A recent incident here in Corcoran SHU’s short corridor compels us to give voice to the outrage we should all feel at the continued maintenance of the indeterminate SHU debriefing process of the U.S. domestic torture program: Another suicide, Armando Morales (Baby Paya), a validated Mexican prisoner from Los Angeles who had been confined to SHU for almost a decade, hanged himself after the IGI moved him from the 4B-1L-C-Section short corridor, to 4A-1R.

The reason(s) that Armando was moved are the typical ones associated with the coercive tactics employed to break men’s minds: After his girlfriend had been compromised by IGI and other state and federal law enforcement, those same agencies mounted an effort to put pressure on Armando, who was actually a baby in terms of what he did and did not know, as it relates to the enormous pressure that law enforcement will apply to coerce information from persons they’ve targeted.

In response to that pressure, he took his own life. Naturally, IGI and the state will seek to escape any culpability, and their response to this is that each person is responsible for his own conduct. We should all recognize the illegitimacy of such a position – that this is nothing more than an excuse to try and separate themselves from a situation that they are responsible for by their reckless and barbaric disregard for our humanity.

Amerika maintains the largest domestic torture program on earth. The state of California runs the largest torture program in Amerika. 

We know this primarily because the vast majority of us have been in these tortuous madhouses for decades. One day is too long and not a single illegal act or rules violation has been committed by us to justify this, which is, by international law, unjustifiable.
But we also know this because our research into the origins of the torture program reveals that this type of systematic psychological degradation to coerce information and create broken men is its purpose. The domestic U.S. torture program carried out in SHU (aka SMU, control unit etc.) style prisons finds its origins at a meeting of social scientists and prison wardens held in Washington, D.C., in 1962, recruiting the findings of Dr. Edgar Schein, which he delivered to them in his man-against-man brainwashing. In addressing the group Dr. Schein stated:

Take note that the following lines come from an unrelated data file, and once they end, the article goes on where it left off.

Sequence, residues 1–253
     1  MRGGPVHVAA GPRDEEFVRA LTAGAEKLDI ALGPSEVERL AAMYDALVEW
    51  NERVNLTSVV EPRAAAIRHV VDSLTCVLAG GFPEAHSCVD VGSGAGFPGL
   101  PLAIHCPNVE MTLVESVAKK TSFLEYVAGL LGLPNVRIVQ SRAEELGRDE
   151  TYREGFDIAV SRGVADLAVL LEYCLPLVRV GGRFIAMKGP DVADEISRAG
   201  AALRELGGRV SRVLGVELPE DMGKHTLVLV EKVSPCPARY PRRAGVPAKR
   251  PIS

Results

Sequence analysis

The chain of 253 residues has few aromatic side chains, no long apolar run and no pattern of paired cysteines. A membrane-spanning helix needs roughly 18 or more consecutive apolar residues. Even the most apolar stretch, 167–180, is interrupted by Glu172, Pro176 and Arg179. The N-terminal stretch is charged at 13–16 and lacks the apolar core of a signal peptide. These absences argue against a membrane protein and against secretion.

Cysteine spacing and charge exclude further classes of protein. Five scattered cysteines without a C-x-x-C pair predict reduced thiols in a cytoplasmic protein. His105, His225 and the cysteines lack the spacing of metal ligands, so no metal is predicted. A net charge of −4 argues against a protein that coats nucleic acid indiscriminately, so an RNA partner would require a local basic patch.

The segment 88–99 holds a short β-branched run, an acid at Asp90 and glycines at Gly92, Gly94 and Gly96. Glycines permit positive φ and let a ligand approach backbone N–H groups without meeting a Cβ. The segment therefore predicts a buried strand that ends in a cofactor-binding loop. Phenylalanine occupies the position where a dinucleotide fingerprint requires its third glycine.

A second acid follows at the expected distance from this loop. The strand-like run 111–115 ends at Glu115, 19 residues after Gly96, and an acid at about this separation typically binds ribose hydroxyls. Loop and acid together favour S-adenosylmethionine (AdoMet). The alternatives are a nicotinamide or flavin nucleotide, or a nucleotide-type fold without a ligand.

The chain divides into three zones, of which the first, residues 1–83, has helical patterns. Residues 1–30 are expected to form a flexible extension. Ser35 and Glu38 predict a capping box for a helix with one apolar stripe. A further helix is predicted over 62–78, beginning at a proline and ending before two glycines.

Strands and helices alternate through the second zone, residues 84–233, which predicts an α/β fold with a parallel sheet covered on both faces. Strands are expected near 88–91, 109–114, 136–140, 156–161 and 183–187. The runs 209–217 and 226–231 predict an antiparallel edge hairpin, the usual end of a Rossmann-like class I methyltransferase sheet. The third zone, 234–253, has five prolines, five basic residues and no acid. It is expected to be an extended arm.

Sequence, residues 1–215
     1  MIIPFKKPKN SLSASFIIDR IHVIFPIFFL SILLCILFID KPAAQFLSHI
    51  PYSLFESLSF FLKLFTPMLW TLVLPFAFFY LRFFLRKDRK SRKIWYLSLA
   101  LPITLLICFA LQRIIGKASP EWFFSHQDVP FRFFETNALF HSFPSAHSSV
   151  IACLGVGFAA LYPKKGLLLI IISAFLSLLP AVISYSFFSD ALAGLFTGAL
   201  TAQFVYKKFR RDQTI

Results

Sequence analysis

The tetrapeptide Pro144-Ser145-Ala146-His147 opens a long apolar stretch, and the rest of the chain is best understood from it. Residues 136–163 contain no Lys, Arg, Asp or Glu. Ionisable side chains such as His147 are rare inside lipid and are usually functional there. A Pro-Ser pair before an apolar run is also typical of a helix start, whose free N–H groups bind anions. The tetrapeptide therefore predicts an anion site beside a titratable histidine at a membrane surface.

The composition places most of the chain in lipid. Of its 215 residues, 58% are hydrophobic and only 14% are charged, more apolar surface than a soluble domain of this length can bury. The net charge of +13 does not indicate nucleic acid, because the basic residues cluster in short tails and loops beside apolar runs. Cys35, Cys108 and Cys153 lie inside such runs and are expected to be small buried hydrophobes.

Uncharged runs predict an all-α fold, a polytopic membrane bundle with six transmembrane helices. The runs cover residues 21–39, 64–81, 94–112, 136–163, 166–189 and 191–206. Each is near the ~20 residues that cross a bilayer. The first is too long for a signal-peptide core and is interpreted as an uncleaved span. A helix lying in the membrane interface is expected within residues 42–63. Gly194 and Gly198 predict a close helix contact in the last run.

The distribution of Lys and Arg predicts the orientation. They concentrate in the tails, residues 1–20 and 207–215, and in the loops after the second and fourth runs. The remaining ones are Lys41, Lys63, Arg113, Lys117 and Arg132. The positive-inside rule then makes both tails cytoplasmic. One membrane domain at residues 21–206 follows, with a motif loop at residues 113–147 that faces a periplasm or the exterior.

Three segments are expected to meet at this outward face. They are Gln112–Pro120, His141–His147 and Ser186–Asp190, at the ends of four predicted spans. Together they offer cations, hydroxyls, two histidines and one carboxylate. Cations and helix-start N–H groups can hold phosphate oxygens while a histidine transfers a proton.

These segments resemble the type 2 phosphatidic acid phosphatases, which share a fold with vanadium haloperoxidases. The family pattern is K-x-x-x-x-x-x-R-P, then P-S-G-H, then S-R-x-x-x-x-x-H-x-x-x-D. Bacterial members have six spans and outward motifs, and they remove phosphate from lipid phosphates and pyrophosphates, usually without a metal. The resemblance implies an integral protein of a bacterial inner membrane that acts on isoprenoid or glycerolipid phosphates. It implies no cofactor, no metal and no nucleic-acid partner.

“I would like you to think of brainwashing not in terms of politics, ethics or morals, but in terms of the deliberate changing of human behavior and attitudes by a group of men who have relatively complete control over the environment in which the captive populace lives.” 

The techniques he espoused would also require, to be effective, a new type of environment conducive to altering the very foundations of one’s perception of reality. For this the state took Dr. Levinson’s sensory deprivation prison unit design and a form of Skinnerian operant conditioning called “learned helplessness.”

This last technique is a key factor of both validation based indeterminate SHU confinement and the debriefing process. “Learned helplessness” is a systematic process of conditioning to crystalize in the imprisoned victim’s mind that he has no control over the regulation of his existence, that he is completely dependent on the state and its guards for the necessities of “life,” that he is helpless and must submit to the state’s power and control.

Our research into the origins of the torture program reveals that this type of systematic psychological degradation to coerce information and create broken men is its purpose.

This is, of course, contrary to core human consciousness and a linear thought divergence into two options, “resistance or escape.” The program is designed to apply maximum punitive coercion against “resistance” from the outset – from physical removal from the general (prison) population to sensory deprivation, using informants, collaborators and agent provocateurs to erode trust amongst those of like circumstances, punishing uncooperative attitudes, prohibiting collective thought or expression while simultaneously employing group punishment, arbitrary punishment and property restrictions etc.